What you should know about Global Standardization Bodies?

What you should know about Global Standardization Bodies?
Standards – Vital Links Between Nations

Global Standardization Bodies have contributed immensely to promotion of trade. Such bodies specify and develop guidelines that ensure acceptance of commodities produced in one part of the world elsewhere. First let us examine why there was a need to establish such standardization bodies.

Objectives of Global Standardization Bodies

  • To promote trade between nations through universally acceptable specifications and standards of commercial products and services.
  • To establish standards on industrial safety, standards for edible products such as foods, oils, pharmaceuticals, and agricultural produce as well as safety norms for building materials and construction operations.
  • To set up safety standards of natural resources such as air and water that are vital for existence of life on the planet.

Global Standardization Bodies

A brief introduction on chronological evolution of some key international and national standardization bodies is presented in this article.

International Bodies:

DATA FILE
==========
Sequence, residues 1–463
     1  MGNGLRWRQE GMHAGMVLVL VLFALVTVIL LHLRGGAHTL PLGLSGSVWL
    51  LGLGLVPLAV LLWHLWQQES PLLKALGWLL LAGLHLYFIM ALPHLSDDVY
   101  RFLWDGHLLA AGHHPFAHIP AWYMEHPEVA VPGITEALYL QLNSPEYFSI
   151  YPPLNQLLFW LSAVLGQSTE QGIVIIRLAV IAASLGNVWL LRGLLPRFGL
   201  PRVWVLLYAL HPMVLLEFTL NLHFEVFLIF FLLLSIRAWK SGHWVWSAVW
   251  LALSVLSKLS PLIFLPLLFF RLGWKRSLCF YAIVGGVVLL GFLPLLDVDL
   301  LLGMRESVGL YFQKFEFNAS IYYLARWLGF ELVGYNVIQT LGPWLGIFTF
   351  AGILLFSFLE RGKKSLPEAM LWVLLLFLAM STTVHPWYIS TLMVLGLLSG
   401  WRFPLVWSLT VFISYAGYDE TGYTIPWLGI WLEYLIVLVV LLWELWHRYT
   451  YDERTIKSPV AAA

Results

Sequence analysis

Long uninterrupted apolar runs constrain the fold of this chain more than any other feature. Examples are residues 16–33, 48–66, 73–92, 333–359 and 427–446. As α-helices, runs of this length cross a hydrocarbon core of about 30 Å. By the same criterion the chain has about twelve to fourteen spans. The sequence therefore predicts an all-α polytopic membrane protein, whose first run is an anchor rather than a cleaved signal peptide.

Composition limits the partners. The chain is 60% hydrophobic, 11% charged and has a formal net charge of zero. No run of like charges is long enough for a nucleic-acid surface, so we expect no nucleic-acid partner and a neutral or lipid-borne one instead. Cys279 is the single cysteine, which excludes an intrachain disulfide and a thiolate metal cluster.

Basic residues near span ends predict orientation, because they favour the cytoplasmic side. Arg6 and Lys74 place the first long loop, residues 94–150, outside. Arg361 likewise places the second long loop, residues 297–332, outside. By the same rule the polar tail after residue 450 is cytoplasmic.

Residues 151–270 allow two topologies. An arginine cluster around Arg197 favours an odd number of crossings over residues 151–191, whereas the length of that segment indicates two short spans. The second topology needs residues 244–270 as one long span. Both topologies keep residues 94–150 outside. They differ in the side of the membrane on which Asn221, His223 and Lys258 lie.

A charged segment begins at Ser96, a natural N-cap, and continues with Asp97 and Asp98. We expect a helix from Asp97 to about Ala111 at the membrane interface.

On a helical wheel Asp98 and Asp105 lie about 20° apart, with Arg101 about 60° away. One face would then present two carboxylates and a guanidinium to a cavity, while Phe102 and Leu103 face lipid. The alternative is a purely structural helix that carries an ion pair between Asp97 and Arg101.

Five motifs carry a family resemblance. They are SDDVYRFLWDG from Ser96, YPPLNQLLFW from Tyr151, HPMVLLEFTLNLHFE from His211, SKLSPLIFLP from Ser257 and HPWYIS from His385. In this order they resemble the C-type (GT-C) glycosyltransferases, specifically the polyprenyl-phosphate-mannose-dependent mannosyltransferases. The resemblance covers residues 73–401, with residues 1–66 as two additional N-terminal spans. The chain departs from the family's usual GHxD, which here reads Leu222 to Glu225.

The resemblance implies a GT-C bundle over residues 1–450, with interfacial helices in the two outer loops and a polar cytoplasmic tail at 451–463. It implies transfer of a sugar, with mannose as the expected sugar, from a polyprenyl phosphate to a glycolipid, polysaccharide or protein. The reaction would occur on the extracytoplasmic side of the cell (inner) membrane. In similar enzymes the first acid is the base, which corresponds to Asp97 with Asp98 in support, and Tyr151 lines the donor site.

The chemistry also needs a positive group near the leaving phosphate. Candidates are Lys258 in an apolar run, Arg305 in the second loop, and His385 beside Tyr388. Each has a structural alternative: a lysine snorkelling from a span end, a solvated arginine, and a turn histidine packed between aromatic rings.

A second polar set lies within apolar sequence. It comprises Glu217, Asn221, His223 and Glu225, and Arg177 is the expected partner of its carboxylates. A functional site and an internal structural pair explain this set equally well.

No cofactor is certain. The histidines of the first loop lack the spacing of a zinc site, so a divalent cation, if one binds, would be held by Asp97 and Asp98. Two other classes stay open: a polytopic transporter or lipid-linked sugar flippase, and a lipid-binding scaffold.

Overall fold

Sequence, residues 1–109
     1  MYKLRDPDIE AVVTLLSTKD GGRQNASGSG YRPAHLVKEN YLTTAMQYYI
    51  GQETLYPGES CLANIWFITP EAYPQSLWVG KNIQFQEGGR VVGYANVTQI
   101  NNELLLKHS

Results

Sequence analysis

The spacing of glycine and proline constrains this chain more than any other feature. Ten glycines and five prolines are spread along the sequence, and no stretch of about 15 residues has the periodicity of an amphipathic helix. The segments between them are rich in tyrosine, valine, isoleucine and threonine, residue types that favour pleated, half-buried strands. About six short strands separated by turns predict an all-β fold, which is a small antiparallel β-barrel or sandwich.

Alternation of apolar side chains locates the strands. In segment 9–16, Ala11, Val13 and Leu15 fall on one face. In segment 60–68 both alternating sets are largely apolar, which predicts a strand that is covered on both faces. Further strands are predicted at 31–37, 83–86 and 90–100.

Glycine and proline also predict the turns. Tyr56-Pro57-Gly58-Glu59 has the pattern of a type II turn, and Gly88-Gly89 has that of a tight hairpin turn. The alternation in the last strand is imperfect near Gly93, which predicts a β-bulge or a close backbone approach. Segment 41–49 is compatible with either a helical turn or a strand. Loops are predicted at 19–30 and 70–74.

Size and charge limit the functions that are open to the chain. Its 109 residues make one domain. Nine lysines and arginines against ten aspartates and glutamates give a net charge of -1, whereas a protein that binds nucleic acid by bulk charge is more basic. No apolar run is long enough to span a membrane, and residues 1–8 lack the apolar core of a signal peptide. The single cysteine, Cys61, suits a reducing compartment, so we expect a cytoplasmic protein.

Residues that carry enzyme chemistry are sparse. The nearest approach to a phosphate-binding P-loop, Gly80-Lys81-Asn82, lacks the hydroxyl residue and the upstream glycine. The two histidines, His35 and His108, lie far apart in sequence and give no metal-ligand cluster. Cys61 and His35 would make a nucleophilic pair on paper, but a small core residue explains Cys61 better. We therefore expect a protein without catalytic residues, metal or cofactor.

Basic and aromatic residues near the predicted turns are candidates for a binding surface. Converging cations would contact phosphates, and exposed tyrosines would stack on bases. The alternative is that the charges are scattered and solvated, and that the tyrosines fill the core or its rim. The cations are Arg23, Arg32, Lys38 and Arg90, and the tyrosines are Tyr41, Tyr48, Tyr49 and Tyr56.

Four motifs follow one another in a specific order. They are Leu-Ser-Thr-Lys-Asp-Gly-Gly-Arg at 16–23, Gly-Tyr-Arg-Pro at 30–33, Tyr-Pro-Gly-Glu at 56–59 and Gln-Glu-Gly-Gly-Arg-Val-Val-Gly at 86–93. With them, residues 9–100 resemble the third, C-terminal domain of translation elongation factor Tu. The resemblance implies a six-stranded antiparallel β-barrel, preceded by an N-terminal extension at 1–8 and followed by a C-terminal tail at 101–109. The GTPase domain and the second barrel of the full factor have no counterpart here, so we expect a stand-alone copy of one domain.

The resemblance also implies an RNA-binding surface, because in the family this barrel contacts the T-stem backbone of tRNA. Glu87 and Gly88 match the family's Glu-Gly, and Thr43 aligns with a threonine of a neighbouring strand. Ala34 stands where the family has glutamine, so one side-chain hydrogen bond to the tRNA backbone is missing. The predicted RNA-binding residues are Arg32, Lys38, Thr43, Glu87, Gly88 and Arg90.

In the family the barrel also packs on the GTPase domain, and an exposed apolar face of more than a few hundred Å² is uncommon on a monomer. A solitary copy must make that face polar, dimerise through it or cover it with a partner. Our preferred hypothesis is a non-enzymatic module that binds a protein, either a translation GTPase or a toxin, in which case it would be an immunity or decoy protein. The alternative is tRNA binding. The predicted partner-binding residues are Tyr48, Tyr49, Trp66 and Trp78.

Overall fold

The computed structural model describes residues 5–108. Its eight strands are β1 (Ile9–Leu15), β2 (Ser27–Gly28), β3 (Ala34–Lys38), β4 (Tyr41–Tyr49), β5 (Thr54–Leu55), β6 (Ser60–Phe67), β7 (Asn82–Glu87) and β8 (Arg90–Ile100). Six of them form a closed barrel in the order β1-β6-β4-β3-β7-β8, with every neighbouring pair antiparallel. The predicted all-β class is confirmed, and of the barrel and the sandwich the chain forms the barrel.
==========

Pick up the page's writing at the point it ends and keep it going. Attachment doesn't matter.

International Organization for Standardization (ISO)

ISO is the parent standardization body which has laid down standard guidelines which have universal acceptance.

  • Largest developer and publisher of International Standards
  • Set up in 1947 as network of National Standards Institutes of over 162 countries with Secretariat in Geneva, Switzerland
  • ISO standards cover a wide range of activities and services requiring global acceptance

American Society for Testing Materials (ASTM)

  • Founded in 1898 with Head Quarters in Pennsylvania, USA
  • Formerly known as American Society for Testing Materials and the new name was acquired in 2001 with acceptance in over 135 countries
  • Serves diverse industries from metals to construction petroleum to consumer products, etc.
  • Over 30,000 technical experts across the world contribute to development of ASTM standards
  • Over 12,000 standards in compliance with World Trade Organization Guidelines serve to promote global trade

Environmental Standardization Bodies

Environmental protection Agency (EPA)

  • Enforcement of environmental standards under the spectrum of environmental laws
  • Conducts environmental assessment, research and evaluation
  • Standards cover legislation concerning air, water, land, endangered spices and hazardous wastes

Association of Public Health Analysts (APHA)

  • APHA is oldest organization of public health professionals since 1872
  • First edition of standard methods for examination of water and waste water published in 1905 covering physical, chemical, microscopic and bacteriological examination of water
  • Latest (21st edition) covers advanced instrumental techniques for analysis of water samples


  • Provides international food standards, guidelines and codes of practice on safety, quality and fairness of international food trade